I have dreaded this moment since I first became a mother. You know that moment, when your child becomes self-aware, compares himself to peers and starts cataloging all the ways he doesn’t stack-up to others. Self-doubt and self-consciousness becomes part of daily life.
We thought there would be at least another five years until my eternally optimistic six-year-old started noticing the realities of the world around her. I joke that she is like the dog in the movie Up….she can be in the midst of a sentence or a deep thought and then – SQUIRREL!!! – her attention is quickly captivated by a new shiny object. It is an endearing trait to be around someone for whom emotional storms pass quickly. But earlier this week, that all changed.
She has been struggling with reading and I have not been able to figure out how to help her improve. Everything clicked when I came across an old report from my husband’s second grade school counselor. It documented learning struggles he has, especially in processing and reading. All the symptoms were exactly what my little girl is showing. It turns out that, like my hubby, she is showing signs of dyslexia. Quite possibly, reading will always be a tougher struggle for her than for other kids.
Since every child learns at their own pace, we have not made it a big deal. And because she learns at home, she wasn’t self-aware that her struggles are unusual, until children’s Bible study this week.
Every child her age was able to fluently read a verse and then discuss what it meant. I coached her through her verse, but she just couldn’t“get it”. When it came time for her to discuss, she froze and I asked the group to skip us.
I have never seen my usually upbeat and outgoing daughter look so distraught. Her body crumpled under the weight of defeat. And as we walked home, she looked up at me with tears in her eyes and said, “Everyone could do it, but me!”
All children are going to feel the sting of being different or not part of the group. And usually I am quite sanguine about those types of situations. When I witnessed my daughter being purposely excluded from friends at a playground, I saw it as a great opportunity for her to build resilience, remember what it feels like so she does not do it to others and learn to quickly forgive. It is a lesson about life when her brother gets privileges that she does not. Life is not fair and we all will experience some sort of exclusion or bias. But there is something different about this situation that just hurt me to the core.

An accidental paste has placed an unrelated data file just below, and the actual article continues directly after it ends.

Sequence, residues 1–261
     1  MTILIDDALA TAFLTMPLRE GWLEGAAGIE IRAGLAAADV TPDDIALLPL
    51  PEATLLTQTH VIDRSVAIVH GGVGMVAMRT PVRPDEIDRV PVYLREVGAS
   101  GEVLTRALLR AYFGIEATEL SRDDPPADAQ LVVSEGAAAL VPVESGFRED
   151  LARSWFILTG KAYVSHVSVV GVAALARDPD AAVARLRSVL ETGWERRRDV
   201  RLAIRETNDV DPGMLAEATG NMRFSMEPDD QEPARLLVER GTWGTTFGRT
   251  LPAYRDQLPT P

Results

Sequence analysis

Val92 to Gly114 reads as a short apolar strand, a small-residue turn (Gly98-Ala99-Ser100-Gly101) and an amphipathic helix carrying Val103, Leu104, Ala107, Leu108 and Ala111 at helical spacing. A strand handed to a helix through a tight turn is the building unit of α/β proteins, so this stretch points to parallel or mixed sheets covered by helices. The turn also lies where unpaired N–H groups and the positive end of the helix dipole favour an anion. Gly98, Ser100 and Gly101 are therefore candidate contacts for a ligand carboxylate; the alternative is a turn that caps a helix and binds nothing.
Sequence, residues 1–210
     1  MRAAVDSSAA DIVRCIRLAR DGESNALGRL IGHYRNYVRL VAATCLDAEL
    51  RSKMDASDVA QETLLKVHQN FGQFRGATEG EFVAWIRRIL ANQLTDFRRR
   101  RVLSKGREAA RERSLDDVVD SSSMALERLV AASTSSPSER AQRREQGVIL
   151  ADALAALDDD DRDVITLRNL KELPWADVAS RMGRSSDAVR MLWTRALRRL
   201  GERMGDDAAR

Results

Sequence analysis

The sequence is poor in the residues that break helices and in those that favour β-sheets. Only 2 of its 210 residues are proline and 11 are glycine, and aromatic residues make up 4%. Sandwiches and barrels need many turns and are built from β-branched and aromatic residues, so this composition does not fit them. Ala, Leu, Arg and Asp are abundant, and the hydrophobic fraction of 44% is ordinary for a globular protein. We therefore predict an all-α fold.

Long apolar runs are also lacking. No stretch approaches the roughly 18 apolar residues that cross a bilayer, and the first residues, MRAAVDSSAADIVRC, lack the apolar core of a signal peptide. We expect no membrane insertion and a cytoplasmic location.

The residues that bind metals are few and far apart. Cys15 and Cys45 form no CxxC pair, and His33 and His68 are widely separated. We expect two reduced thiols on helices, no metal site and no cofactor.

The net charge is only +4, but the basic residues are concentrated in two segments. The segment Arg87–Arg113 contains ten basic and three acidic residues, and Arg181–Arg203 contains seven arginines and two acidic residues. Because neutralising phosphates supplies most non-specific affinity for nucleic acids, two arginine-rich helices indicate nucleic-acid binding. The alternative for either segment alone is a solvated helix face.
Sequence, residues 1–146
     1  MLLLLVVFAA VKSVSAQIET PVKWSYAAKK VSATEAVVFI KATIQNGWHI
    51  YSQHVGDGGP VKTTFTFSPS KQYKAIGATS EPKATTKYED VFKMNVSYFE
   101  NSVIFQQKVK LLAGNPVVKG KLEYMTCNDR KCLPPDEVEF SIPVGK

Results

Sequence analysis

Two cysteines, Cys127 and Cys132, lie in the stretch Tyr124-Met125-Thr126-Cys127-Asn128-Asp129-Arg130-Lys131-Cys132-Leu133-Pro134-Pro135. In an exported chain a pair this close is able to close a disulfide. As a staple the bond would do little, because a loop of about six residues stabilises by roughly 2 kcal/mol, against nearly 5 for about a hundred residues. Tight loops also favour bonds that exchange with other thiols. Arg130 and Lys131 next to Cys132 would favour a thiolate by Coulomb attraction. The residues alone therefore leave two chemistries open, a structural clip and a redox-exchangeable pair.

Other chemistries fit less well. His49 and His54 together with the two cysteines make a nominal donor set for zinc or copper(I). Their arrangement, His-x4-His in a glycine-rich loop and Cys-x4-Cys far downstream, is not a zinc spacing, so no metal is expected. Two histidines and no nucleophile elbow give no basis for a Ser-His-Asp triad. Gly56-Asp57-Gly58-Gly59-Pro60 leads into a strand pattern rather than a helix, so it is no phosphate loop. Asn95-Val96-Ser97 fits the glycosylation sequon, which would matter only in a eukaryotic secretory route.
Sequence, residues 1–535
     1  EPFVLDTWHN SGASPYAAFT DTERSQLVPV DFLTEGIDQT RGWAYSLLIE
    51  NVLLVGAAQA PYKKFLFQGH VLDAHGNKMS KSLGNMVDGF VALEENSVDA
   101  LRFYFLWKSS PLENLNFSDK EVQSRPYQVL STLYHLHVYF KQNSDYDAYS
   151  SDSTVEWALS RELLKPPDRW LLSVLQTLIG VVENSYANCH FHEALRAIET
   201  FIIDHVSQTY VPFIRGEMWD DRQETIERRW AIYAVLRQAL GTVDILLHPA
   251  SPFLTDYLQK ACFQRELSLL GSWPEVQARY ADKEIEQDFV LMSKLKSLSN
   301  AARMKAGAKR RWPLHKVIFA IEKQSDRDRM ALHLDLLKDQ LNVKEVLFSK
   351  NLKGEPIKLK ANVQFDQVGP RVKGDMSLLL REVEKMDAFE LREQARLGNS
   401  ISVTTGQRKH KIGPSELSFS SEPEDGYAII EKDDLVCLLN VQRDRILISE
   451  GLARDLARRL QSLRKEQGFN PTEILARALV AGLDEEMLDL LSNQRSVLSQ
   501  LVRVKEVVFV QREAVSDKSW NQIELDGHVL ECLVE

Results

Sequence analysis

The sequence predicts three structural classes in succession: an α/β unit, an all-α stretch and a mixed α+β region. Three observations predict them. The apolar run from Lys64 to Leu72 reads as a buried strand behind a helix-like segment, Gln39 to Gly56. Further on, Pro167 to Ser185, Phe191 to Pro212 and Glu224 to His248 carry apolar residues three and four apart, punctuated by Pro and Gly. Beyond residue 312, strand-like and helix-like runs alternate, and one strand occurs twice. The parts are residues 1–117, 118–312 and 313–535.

Maybe because, like my hubby, this will probably be a struggle she has her whole life. Or it may be one of those key things that defines how she views her abilities and potential. But I think mostly it’s because I can’t guide her through this problem to a quick fix. It will take years of hard work and she will always have this in her life.
When I chatted with a friend about this (over a much needed glass of wine) she reminded me that some of the best success stories are molded out of hardships. Countless successful entrepreneurs were kicked out of school or had ADHD. There is also a higher number of dyslexics that are successful leaders.
These people realize early on that their biggest problem is their greatest gift. Since they can’t fit into the system, they have to figure out work-arounds, coping skills and also win people over. Plus all the hard work to overcome any potential handicap can be applied to all areas of their life.
I am on the front-end of this journey. We still are getting a formal evaluation and pending the results, I will change how I teach her.
Through this process I hope she gains pride in her individuality, tenacity to face any obstacle and also the patience to persevere. But most of all I hope that she doesn’t just live with the cards that are handed to her. Like a skilled poker player, I pray she realizes that life is more than luck, and turns her hand into a royal flush.